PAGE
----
Two weeks from today, at our Autodesk University event, we'll be unveiling our offering for entering the PLM [product lifecycle management] market. ...we'll be addressing the significant market opportunity with a very unique approach which will enable manufacturers, as well as AEC [architecture, engineering, construction] and M&E [media and entertainment] companies, to achieve the full promise of PLM for the first time.

Our cloud-based approach will be easy-to-use, implement, and deploy. It will be scalable, configurable and intuitive, which is a sharp contrast to the decades-old legacy technology in the market now. We think that customers are starving for this new kind of solution, and Autodesk succeeds in introducing this kind of disruptive technology.

On the Cloud

...we recently launched Autodesk Cloud, a collection of more than a dozen Web-based capabilities. These services will enable customers to extend their desktops with greater mobility, while offering new viewing and sharing capabilities, and will provide more computing power, helping our users to better design, visualize and simulate their ideas.

On Software Distribution

Electronic download has benefited our subscription customers for the past three years. We're now aiming to increase the use of electronic delivery in developed countries [such as Europe and North America] by making new licenses of most of our products available for electronic delivery.

In advance of this action, we initiated a plan to further reduce our already low inventory in the channel during the third quarter, and we will continue to do so in the fourth quarter. Channel inventory was reduced by approximately $10 million in the third quarter in conjunction with this initiative.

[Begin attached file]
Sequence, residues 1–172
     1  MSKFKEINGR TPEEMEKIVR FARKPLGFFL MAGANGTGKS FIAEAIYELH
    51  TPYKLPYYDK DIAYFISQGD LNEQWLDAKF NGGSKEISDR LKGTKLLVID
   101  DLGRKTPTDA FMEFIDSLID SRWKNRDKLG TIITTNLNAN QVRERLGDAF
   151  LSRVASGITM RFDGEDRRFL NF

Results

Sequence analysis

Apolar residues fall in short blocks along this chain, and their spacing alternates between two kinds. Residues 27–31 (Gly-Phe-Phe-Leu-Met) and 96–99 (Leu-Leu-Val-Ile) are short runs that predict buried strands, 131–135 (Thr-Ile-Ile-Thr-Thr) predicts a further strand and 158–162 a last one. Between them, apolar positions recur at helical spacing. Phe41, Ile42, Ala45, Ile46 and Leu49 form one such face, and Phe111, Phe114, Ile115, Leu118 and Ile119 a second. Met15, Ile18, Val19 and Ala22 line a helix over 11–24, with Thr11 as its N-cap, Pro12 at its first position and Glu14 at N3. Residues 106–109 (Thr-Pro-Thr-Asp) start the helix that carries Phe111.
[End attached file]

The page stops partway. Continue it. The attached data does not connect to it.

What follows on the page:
Over time, we expect to phase in the electronic download availability of new licenses in emerging countries [such as South America and Africa], as well. It's worth noting that channel inventory now stands at only 1.5 weeks.

On Acquisitions

We have a long history of acquiring small businesses and leading-edge technologies and integrating them into the fabric of Autodesk in our products. In the third quarter alone, we closed 10 small but strategically important business and technologies -- and technology acquisitions, totaling close to $90 million net of cash acquired. These transactions were across all of our business units. We believe these purchases are an important component to advancing our products and offerings and delivering more value to our customers.